When I first saw Feed mentioned in Maggie Stiefvater’s ‘Top Twelve Books of 2009’, I knew that I had to read this novel. (For those who don’t know, Maggie is the author of Shiver) What gripped me from the first page of this novel is the sense of grim reality. This isn’t a novel where everything is carefully scripted, it’s honest and raw. Dialogue and thought coming from a place that strikes me as real. Through every thought of Titus I got a sense of being completely in over my head, struggling to find meaning of events taking place. Which, I believe, is exactly the response author M. T. Anderson was looking for.

Feed opens with a group of friends on spring break who have decided to take off to the moon to find entertainment. But the moon isn’t exactly what they expected. They run into Violet, who for all appearances is as average and normal as the rest of them. Except for the fact she was home-schooled and needs to live a little. Yet everything doesn’t run smoothly on the moon. For Titus and his friends become the subjects of a hacker, resulting in their feeds being disconnected, leaving them shut off from the world. Imagine having the internet permanently accessible to you, then suddenly it’s gone. Yet this internet is the basis of everything. Communication, human contact. The world.

All too soon – or not soon enough depending on your point of view – the technicians of FeedTech have fixed the problem and Titus, Violet and their friends can continue on with their normal life as American consumers. However one member of this group doesn’t have it as easy as the rest. Even before the hack, Violet was about defying the feed. About not conforming to society. Testing the boundaries to see how far she can push. And her limit may have just arrived, for her feed hasn’t recovered the same as everyone else’s. Slowly, Violet is losing control of her most basic functions and without the money to fund repairs, Violet and Titus know that she only has a short amount of time to live.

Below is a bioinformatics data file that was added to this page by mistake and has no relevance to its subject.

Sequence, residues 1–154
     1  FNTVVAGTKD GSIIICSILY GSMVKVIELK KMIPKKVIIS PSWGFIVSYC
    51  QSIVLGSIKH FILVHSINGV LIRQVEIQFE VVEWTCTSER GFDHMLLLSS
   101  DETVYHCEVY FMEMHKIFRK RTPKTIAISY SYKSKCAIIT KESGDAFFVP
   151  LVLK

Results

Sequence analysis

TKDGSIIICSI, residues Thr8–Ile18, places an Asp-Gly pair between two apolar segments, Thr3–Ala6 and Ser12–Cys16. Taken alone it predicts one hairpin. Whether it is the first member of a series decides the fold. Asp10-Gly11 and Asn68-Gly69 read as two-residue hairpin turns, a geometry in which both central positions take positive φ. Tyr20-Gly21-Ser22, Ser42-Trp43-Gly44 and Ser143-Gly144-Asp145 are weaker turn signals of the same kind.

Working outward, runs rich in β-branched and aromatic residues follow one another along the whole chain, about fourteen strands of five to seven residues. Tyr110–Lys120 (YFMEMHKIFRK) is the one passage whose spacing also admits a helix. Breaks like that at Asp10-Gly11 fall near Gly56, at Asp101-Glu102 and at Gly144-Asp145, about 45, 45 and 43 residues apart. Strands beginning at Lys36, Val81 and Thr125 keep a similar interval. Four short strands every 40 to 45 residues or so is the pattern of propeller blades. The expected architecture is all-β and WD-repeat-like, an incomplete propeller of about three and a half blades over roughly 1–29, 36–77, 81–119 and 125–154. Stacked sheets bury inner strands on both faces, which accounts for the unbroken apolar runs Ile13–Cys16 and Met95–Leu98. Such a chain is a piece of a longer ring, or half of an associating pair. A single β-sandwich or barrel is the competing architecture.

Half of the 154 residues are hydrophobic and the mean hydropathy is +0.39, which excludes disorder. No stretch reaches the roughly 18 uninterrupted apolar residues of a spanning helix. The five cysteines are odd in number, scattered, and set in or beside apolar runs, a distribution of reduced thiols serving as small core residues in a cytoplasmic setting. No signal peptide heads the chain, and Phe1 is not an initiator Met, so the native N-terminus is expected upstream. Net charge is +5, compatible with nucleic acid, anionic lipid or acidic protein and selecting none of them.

With not enough time to do anything, Violet tries to do everything. Yet underneath it all there is still her belief in fighting the system. Her belief that there is something more out there than the average American. But can she communicate this to Titus in a way he can understand before it’s too late?

I’ve always measure novels in terms of how well I can get lost in the story. Feed is one that had me completely lost in the story. Anderson wove a story that was so compelling and so real. This isn’t a fantasy or alternate universe with different rules. It’s a grim look at a future possible reality. The ‘feeds’ which is the subject matter of a large portion of the novel is a highly advanced internet interface which is installed in your brain – it takes over everything from breathing and moving and completely removes the necessity of reading. It categories and records everything you do, building a profile of you used by American corporations. It is a place that we could very well be heading. A scary and controlling place. And through this, we have Violet who is fighting for a better world, a world where youth don’t live in ignorance of what is happening outside of their suburb, where youth remember the history of the past and what the world used to be like. It is Violet who made this novel all the more real, as she tries to break from society.

This is just one of those novels that needs to be read. At the core, one girls emotional and physical struggle to change the world, seen through the eyes of one that struggles and fails to break free of the constraints of society.

A warning to younger readers, frequent coarse language does occur.

Pages: 300

Publication date: 2004

Rating:: ★★★★★